Who was Thomas Jefferson? Thomas Jefferson (1743-1826) was the third President of the United States. He is best known as the author of the Declaration of Independence. The Declaration asserted America’s independence from Great Britain, citing a long list of complaints. It is interesting to note how major events of history sometimes hinge on seeming minor details. For instance, Jefferson liked to recount how the Declaration had been approved in a short period of time. The committee in charge was quartered just a few feet from a stable infested with some pesky horse flies. The flies were aggressive in taking up residence in the delegates long stockings. Thus, a desire for relief from some pestilent insects helped ensure hasty acceptance of this key document. But, this was a minor irritant compared to hardships soon to be felt by the Americans. As Jefferson would observe later, “We are not to expect to be translated from despotism to liberty in a featherbed” (40).
Historical context. Tensions between England and the colonies were at a boiling point by 1776. That summer Jefferson, a member of the Continental Congress, drafted the Declaration of Independence. His purpose was to defend America’s action to “a candid world.” He also wanted to recruit France to the colonial cause. Jefferson spelled out a long list of problems, the basic point being “taxation without representation.” Although Jefferson wrote the first draft, the work was not his alone. He was, in fact, somewhat upset by editing changes of the committee. The signers of the Declaration pledged “our lives, our fortunes and our sacred honor” to the cause.
Summary of Jefferson’s teaching. The Declaration sums up Jefferson’s worldview and reveals his debt to John Locke. The document is biblical only in the sense of being an appeal of the “lower magistrate.” But, it exposes its Lockean roots by placing the “just power” for government in “the consent of the governed” rather than God. Moreover, as James Skillen has noted, “Jefferson’s appeal for a ground of firm truth and authority is neither to God nor to God’s eternal law nor to the Bible. It is simply to what is “self-evident” within the mind and common conscience of humanity; it is an appeal to the universal/moral essence of human nature that corresponds to the true order of nature, which is God’s will.” (41). Contrary to some, the Declaration of Independence did not set up a new government. It merely cut an existing political bond. Thus, the Declaration should not be viewed as a founding charter. The Articles of Confederation were needed to give a base of power and structure for the new government.
Implications for subsequent history. The efforts of some Christians to confer “sainthood” on Jefferson are both amusing and distressing.
It is true that Jefferson’s famous “wall of separation” phrase does not appear in the Declaration or the Constitution . Even so, his thinking served to marginalize Christianity in the public square. He said it was “religious slavery” to make an office holder swear an oath to uphold the law of God. Jefferson was very successful in converting the churches to this rationalistic/dualistic view of civil religion. John Witherspoon was the chief example. In Jefferson and Witherspoon we have the paradox of two men at polar extremes on the theological scale. In spite of this, they found common cause in a civil religion based on the social contract and natural law. This is proof of the extent to which the American churches had come to terms with the Enlightenment. It doesn’t take a rocket scientist to figure out which side gave up the most philosophical ground. This outlook reigned in America for the next two centuries and beyond.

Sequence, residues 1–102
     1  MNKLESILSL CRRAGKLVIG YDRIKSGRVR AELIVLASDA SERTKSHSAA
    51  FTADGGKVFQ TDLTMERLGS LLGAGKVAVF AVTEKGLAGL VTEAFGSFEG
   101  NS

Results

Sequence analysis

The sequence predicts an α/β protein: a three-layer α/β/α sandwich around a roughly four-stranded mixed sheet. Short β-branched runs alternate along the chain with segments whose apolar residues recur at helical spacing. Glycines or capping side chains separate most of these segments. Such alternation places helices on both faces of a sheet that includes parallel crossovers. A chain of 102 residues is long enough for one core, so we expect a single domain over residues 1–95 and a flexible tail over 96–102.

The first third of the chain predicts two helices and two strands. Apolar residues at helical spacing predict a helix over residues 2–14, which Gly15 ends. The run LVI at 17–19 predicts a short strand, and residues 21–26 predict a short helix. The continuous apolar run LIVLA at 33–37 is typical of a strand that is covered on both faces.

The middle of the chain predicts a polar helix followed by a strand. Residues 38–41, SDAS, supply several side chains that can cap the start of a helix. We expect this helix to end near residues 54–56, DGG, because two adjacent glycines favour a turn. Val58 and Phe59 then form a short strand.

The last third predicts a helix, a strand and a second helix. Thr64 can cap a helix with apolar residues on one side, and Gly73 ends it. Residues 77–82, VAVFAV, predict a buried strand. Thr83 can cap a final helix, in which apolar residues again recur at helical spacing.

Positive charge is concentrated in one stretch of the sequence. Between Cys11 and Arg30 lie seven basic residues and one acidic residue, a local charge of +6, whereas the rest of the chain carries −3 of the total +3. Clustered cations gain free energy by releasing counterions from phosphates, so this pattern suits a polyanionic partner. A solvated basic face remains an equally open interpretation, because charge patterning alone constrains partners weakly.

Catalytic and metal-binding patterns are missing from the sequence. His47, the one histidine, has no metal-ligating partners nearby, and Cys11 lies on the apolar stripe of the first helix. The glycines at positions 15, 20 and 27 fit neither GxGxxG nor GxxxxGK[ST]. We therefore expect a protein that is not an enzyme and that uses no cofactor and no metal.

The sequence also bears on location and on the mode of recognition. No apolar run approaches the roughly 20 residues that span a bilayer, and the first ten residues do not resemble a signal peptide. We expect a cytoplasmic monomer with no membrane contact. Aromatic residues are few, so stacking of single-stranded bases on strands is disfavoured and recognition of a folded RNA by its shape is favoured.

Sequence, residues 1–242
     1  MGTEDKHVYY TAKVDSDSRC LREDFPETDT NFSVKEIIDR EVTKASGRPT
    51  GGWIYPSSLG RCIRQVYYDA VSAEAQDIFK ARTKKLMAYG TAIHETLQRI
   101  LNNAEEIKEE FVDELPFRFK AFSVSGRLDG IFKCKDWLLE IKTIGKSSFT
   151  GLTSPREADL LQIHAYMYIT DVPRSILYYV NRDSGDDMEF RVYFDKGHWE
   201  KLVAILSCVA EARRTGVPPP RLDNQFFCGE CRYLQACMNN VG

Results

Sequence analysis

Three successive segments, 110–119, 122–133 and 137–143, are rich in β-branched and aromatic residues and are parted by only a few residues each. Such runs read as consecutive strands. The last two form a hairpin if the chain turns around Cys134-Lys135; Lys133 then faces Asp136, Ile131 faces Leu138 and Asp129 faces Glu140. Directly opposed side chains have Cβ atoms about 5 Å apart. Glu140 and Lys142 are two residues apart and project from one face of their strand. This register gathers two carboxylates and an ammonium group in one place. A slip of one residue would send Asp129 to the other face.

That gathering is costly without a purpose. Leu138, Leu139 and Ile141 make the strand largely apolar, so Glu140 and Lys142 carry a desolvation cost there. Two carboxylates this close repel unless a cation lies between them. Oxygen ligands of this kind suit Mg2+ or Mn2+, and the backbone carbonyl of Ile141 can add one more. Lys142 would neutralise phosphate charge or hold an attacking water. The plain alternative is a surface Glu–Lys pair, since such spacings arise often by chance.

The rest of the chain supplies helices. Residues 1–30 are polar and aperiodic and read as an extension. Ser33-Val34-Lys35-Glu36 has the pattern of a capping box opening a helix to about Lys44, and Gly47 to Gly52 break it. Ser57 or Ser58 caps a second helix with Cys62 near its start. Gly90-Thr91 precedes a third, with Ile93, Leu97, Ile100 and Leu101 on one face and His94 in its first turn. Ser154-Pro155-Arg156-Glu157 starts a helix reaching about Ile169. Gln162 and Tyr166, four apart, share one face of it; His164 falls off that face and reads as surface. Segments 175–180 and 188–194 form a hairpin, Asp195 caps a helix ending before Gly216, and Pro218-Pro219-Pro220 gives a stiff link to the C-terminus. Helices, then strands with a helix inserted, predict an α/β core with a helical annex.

Biblical analysis. It is worth noting that all three of the key writers of the Declaration were unitarian in theology (42). All three — Jefferson, Franklin, and Adams — denied the basic truth of Christianity. That is that Jesus Christ is God and therefore King of kings and Lord of lords today. If a man denies the Trinity he denies the deity of Christ and at the same time the Lordship of Christ. Such an outlook is called Socianism or Unitarianism. How is it that three heretics can sit down and come up with a civil covenant that is pleasing to God? “A good tree brings forth good fruit, and an evil tree brings forth evil fruit…” (Matt. 7:17). In this vein, some have criticized the Declaration and the Constitution because they did not deal in a biblical fashion with slavery. Others question Jefferson’s replacing the phrase “life, liberty, and the pursuit of happiness” for Locke’s “life, liberty, and property.” The words “pursuit of happiness” have been misconstrued by modern liberals to justify their demand for all manner of perverted rights. Among these are the right to privacy, the right to abortion, the right to sodomy, etc. The doctrine of the Trinity is critical for biblical government. It offers the only solution for the philosophical problem of “the one & the many.” That is, how to blend the freedom of the individual with the need for the state. In this regard Thomas Jefferson failed miserably. Jefferson is correct in his view that rights are not granted by government. However, he is off-base in stating that government exists first of all to secure the rights of man. Instead, the Bible assigns it the task of placing a check on evil and upholding God’s law. Man’s freedom and rights are derivative of that.
Corrective or Prescriptive Actions: Christians must leave off idolizing the Declaration of Independence. We must confess instead that it is a declaration of independence from the God of the Bible. All efforts to Balkanize the Christian faith – confining its influence to a religious ghetto – must be resisted.